Solid food and formula

Many people suggest starting 4 month olds on rice cereal mixed with breast milk or formula.  The reason I have heard for this is to make the baby sleep longer at night.  A number of sources I regularly consult have said this is unlikely or false.

I have found many sources saying that the gastrointestinal and immunological benefits of waiting to introduce anything besides breastmilk are great., a breastfeeding information website run by an International Board Certified Lactation Consultant (IBCLC), lays out many of the same information on this page that I first found in the book Breastfeeding Made Simple.

It turns out that giving a baby something besides breastmilk changes the bacteria in his or her gut to resemble an adult's gut, but a baby's body is not ready for this change until 6 months at the earliest.  It can lead to a weaker immune system, food allergies, and tummy aches. also says that if "adult food" is started too early, energy that should be used for growth gets diverted to the immune system to prevent infections and diseases due to the lack of protection from breastmilk.

One thing most people don't realize is: formula may as well be "adult food".

It is made from cow's milk (or soy) mixed with vitamins and minerals and is not natural "baby food".  Check the label on a can of formula in the grocery store.  The first ingredient is whey protein.  Then go to the aisle with the protein bars to find a can of the stuff sold for adult consumption.  I used to put some in fruit smoothies when I was pregnant to help me hit my 50-75 grams of protein every day.  You will also find whey protein as a main ingredient in those protein bars too.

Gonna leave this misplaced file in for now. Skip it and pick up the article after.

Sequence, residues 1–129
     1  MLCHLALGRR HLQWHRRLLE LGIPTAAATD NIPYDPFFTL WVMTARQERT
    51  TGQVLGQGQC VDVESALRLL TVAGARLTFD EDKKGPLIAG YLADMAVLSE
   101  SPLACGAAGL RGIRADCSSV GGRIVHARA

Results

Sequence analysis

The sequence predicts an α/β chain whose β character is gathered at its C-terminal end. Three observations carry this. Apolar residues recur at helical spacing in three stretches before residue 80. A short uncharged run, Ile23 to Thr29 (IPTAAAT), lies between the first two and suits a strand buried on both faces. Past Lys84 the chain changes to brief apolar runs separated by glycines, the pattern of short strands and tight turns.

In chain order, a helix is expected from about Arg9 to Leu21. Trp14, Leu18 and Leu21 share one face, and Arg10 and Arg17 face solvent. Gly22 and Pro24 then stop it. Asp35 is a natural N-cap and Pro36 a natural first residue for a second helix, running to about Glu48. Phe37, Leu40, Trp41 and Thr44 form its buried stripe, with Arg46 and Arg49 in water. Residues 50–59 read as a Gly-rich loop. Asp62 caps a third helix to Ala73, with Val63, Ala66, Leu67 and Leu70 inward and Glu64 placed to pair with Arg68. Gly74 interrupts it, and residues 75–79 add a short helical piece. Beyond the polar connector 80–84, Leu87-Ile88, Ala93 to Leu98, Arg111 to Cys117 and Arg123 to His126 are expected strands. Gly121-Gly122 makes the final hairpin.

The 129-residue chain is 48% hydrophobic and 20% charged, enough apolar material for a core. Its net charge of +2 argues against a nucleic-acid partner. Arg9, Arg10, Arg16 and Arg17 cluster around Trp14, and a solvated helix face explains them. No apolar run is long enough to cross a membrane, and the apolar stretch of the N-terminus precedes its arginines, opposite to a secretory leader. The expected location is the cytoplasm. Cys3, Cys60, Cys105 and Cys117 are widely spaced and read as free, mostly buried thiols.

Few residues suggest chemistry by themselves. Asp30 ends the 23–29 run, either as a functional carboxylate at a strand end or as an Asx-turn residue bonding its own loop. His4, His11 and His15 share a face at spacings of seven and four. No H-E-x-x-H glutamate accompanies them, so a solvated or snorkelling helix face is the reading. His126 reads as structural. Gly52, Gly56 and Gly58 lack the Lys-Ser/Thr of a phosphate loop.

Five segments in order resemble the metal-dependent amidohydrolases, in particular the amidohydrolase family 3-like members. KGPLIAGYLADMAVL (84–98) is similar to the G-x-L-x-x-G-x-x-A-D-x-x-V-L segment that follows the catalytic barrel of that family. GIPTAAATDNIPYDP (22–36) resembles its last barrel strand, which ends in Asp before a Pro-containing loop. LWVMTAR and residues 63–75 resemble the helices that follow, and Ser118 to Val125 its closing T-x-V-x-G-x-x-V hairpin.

This means that it is not a good idea to supplement your own milk with formula part of the time.  You are sacrificing some of the benefits of the breastmilk.  Of course, sometimes it may be difficult to give your own milk to your baby all of the time, but feed your baby formula only in an emergency.   I held on to that can of formula given to me at the hospital "just in case," but I have since gotten rid of it because I decided that I am setting a goal to never give any of my children formula.  (It's an atrocious practice for the hospital to give out formula anyway!  More on this issue later, though.)

Investing in a good double-pump breastpump will make pumping milk easier and thus more likely that your baby will only get your milk when you can't be around.  I use the Medela Freestyle pump. It's pricey, but totally worth it!  I can pump a whole bottle (5 ounces) in about 5 to 6 minutes by double pumping, that is pumping both breasts at the same time.  My husband calls it the "boob-a-tron" because I look rather silly all hooked up to it, but it's really fast.

Don't even bother trying to pump one breast at a time.  It doesn't work very well.  Don't waste your $150 on the single pump, just splurge the $300+ on the really nice hands-free double pump.  It's for your baby's health.